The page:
The Chronology of Water, Lidia Yuknavitch

The Chronology of WaterThe Chronology of Water by Lidia Yuknavitch

 

It is so fitting that the original cover of this book, which you see depicted here, arrives from the library marred by a plain, gray wrapper around the offensive bit—you know, a woman’s bare breast. It is metaphor come to life for Lidia Yuknavitch’s searing anti-memoir, The Chronology of Water: hide and deny what is most natural, until it becomes a thing of shame.

 

Yet it would seem that Lidia Yuknavitch hides nothing. The Chronology of Water is ripe with shock-jock language and imagery. It is angry and lurid and reeks of booze and sex and blood. It’s one of the most beautiful things I have ever read. The day I finished the book, I went and bought a copy of my own–no wrapper around the front cover, just a woman’s beautiful body disappearing in a shimmer of torso, cut in half by the air above and the water below.

 

Water is the thematic structure around which this narrative is built—fluid from the body that spills in birth, in sex, in menstruation, in vomit and bile; water that offers healing and and generates power as a strong body sluices waves to win swim meets or meets an object of one’s desire in a hotel swimming pool; water that can take life in a vulnerable moment as one’s father collapses in the ocean.

 

But it’s her body that Yuknavitch offers up for examination: a body that in the opening chapter is ruptured by birth. That experience is bookended by years of incest on one side and self-flagellation on the other, until the author meets herself full circle as a wife, a mother, a writer, a woman.

 

She conceals much in her narrative of abuse, but we are allowed a glimpse behind the wrapper of her shame and sorrow and witness a woman’s soul torn in two by violence and fear.

In my house the sound of leather on the skin of my sister’s bare bottom stole my very voice out of my throat for years. The great thwack of the sister who goes before you. Taking everything before you are born. The sound of the belt on the skin of her made me bite my own lip. I’d close my eyes and grip my knees and rock in the corner of my room. Sometimes I’d bang my head rhythmically against the wall.

I still cannot bear her silence while being whipped. She must have been eleven. Twelve. Thirteen. Before it stopped.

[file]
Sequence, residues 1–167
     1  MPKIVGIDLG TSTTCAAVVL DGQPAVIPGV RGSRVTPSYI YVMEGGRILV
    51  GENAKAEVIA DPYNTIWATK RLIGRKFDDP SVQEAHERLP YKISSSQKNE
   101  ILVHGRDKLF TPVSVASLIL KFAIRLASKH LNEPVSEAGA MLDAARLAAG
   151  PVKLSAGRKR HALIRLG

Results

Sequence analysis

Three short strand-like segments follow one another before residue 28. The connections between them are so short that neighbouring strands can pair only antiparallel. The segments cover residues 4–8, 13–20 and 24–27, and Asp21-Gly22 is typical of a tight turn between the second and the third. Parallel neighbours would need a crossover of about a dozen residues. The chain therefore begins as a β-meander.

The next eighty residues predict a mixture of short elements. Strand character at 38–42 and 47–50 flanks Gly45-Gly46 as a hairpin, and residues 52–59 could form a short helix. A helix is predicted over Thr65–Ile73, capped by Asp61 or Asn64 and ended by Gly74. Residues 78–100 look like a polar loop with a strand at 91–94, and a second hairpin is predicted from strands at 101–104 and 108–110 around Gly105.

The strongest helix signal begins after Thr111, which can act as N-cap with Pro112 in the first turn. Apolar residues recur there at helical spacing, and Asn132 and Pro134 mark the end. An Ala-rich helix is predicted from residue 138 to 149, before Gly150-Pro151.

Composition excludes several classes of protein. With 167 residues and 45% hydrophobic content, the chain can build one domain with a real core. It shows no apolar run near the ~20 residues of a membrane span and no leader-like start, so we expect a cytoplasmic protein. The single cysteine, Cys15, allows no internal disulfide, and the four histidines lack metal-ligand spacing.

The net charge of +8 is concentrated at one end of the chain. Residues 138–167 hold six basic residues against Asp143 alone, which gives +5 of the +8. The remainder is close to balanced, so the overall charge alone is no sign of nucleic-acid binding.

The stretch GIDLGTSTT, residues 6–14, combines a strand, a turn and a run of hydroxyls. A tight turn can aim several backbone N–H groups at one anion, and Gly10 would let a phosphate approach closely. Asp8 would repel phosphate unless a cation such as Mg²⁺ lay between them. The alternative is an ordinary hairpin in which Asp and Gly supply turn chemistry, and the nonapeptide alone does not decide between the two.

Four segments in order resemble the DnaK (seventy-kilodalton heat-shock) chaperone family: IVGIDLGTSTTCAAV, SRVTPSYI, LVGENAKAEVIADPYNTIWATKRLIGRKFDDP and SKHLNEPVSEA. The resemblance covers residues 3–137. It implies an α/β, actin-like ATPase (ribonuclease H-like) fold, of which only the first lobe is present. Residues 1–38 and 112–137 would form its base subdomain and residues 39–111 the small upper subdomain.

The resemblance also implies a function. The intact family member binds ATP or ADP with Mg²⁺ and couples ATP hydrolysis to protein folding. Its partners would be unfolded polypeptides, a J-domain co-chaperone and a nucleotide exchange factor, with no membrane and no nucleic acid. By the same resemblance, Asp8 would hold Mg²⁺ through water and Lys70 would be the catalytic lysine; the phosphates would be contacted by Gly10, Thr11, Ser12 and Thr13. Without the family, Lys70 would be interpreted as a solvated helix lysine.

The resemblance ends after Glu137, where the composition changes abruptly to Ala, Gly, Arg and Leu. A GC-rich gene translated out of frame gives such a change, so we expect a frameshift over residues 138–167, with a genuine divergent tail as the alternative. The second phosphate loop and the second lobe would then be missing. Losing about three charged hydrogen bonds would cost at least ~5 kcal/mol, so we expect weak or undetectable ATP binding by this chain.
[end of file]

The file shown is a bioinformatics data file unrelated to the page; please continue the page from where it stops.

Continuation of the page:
Her father physically and sexually abused Yuknavitch and her sister; their alcoholic mother existed in a fog of denial. Yuknavitch became a woman full of rage. She turned on herself, turned against her body, which had been made beautiful and powerful by water. She squandered a college swimming scholarship through drugs, alcohol, and sex with anything that moved. She punished herself over and over, for years, trying to root out the evil that abuse had buried in her.

 

Writing became her salvation. Time and again, as she lurches from mistake to affair, from addiction and obsession, it is writing that buoys her above the waves of her own destructive seas.

 

Caution must be taken not to romanticize Yuknavitch’s scary history. The author as addict, the notion that one must suffer to create great art, is a cliché that works because it is true time and again. But separate yourself from the literal and sink into the sheer beauty of her language, the way she wraps her arms around you and won’t let you go, you will be rewarded with tears and laughter, with frustration and rage. You will feel. And isn’t that why we read? To feel, deeply, achingly, painfully, blissfully.

 

The nature of memoir, as distinct from autobiography, is like looking down at your body in a pool of water: shapes are distorted, disjointed, appearing larger or smaller or not at all. Memoir is not a chronological connection of facts. Memoir is a work of prose, an interpretation of one’s life just as a painting is an interpretation of a scene or a theme. Whether or not every event described by Yuknavitch, or any other memoirist, really happened is not the point of memoir; the point is to offer the reader a powerful piece of writing with experiences that elevate the personal to the universal. Yuknavitch says it best:

All the events in my life swim in and out between each other. Without chronology. Like in dreams. So if I am thinking of a memory…there is no linear sense. Language is a metaphor for experience. It’s as arbitrary as the mass of chaotic images we call memory-but we can put it into lines to narrativize over fear.

This isn’t for everyone. Some will read and be exasperated or disgusted or disbelieving. I get that. I get that chaos and promiscuity and addiction are ugly, messy, and life is too short to waste reading about someone else’s tragedy and self-destructive behavior. That’s pretty much me, really. But something about this story–the goddamn gorgeous language, the raw power of its brutality–gave me so much comfort and solace. In Yuknavitch’s word embrace, I felt the magic of self-acceptance and self-love, and the crazy-wonderful beauty of life.

 

“Listen, I can see you. If you are like me. You do not deserve most of what has happened or will. But there is something I can offer you. Whoever you are. Out there. As lonely as it gets, you are not alone. There is another kind of love.

It’s the love of art. Because I believe in art the way other people believe in god.

In art I’ve met an army of people – a tribe that gives good company and courage and hope. In books and painting and music and film. This book? It’s for you. It’s water I made a path through…Come in. The water will hold you.”